One of the world’s most famous gay objets d’art, this skyphos (Roman drinking cup) is named after gay American collector Edward Perry Warren, who bought it in 1911 for £2000. Because of its decoration (explicit representations of two male couples having anal sex) it was not exhibited in public until 1999, when the British Museum purchased it for £1.8 million, then a record price for a single item. Although the lovemaking is beautifully captured and draws the eye, don’t miss the surprisingly modern detail in the background: a cheeky male face peering round a door, apparently spying on one of the couples! When it was included as part of an exhibition about sex and society in Ancient Greece and Rome, Museum curator Dyfri Williams said, “We wanted to show this fantastic object in a context in which we could ask how much we understand about attitudes to sexuality when it was made.”

The Warren Cup. Bittir, near Jerusalem, Roman, AD 5-15



(Dutch, 1730)


The 18th century saw a rise in homosexual subculture as gay men came to big cities, attracted by molly houses, cruising grounds and male prostitution. Organisations often run by Christian zealots sprang up to combat this menace to society. The last mass execution of sodomites in Europe took place in the 1730s in the Netherlands. This broadside (street literature) shows six scenes of gay men being persecuted and executed in Amsterdam.

Dutch broadside showing the persecution of ‘sodomites’. 1730



(Japanese, c. 1760)


Kabuki is the highly stylised Japanese theatre in which all roles, male and female, are traditionally played by men and boys. Consequently man-on-man action was not unknown. In this celebrated print, one of an erotic series by Suzuki Harunobu (1724-1770), a young Kabuki actor is fucked by his older patron in a gay brothel. The text at the top of the picture references the work of gay author Hiraga Gennai (1728-79). There’s another voyeur here. The little guy on the right is Maneemon, who ogles amorous couples throughout the series.

Colour woodblock print showing two male lovers. Japan, c. 1770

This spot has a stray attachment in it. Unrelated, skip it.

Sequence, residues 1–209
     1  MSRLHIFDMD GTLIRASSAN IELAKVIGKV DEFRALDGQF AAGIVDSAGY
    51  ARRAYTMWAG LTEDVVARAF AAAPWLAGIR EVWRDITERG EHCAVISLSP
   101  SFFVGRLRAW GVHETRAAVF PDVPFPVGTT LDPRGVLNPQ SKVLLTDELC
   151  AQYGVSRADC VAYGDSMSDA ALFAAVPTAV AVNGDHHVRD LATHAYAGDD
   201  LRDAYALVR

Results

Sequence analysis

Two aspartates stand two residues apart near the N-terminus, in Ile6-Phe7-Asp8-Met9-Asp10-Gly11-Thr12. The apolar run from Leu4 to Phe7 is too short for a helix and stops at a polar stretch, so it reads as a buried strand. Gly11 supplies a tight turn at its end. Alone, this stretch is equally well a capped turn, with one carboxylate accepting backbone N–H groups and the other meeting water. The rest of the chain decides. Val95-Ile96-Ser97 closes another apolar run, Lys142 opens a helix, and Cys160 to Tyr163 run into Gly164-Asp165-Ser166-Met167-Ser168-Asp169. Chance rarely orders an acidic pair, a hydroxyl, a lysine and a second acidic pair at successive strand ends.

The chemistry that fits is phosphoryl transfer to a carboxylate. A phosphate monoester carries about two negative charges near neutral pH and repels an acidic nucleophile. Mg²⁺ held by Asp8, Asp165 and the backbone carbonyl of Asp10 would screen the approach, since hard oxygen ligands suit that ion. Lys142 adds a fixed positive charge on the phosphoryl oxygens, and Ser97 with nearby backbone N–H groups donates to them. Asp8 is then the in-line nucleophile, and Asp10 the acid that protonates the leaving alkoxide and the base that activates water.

(Maori, late 18th century)


This is a Maori treasure box from the North Island of New Zealand, used to store the jewellery and feathers of a high-ranking person. Among the intricate carvings are two males embracing sexually. It recognises the culture of the “third gender” (usually effeminate or cross-dressing gay men), which was once prevalent throughout the “uncivilised” world. It was sometimes ruthlessly suppressed by colonists and missionaries (see 9). The fact that this culture existed in similar forms thousands of miles apart suggests that homosexuality was once accepted as a norm.

Colour woodblock print showing two male lovers. Japan, c. 1770



(English, 1818)*


Tory MP William Bankes (1786-1855) diced with death because he had sex with guardsmen at a time when sodomy was still a capital crime. He was arrested twice. On the second occasion in 1841 he was caught in flagrante delicto on a bench in Green Park. He had no option but to escape abroad. He may have returned secretly to his stately home Kingston Lacy. But he died in Venice. This letter dates from the period when Bankes was making major archaeological discoveries in Egypt. Thomas Young asks him to look out for missing pieces of the Rosetta Stone.

Letter from Thomas Young to William John Bankes. 1818



(Native American, 1891)


Many Native American tribes commemorated the past year’s important events with pictures and symbols done on so-called Winter Counts. These were usually drawn  on buffalo hide, but this relatively late one is on cloth. It records that a “winkte” (literally “wants to be woman”) named Grass committed suicide because he’d been dumped by his male lover. The winkte, who wore androgynous clothes and often performed traditionally female duties, was not only an accepted member of a third gender, he was regarded as special because he had two spirits. European settlers tried unsuccessfully to discourage this practice.  (See a film about Two Spirit People at the British Museum’s Film Day. Details left).

Letter from Thomas Young to William John Bankes. 1818



(English, 1966-67)


Hockney’s drawing shows two young men in bed either before or after sex. It’s inspired by a poem, “In the Dull Village”, by the gay Greek writer C.P. Cavafy (1863-1933). In 1966 it could have been declared obscene. But in 1967 homosexuality was partially decriminalised in England and Wales. From then on art was no longer illegal just because it was gay. There’s a direct line from the explicit Warren Cup to the discreet “In the Dull Village” and it’s a depressing reminder of the lack of progress we made in nearly 2,000 years. Since 1967, of course, we’ve caught up quite a bit.

Frances and Keevil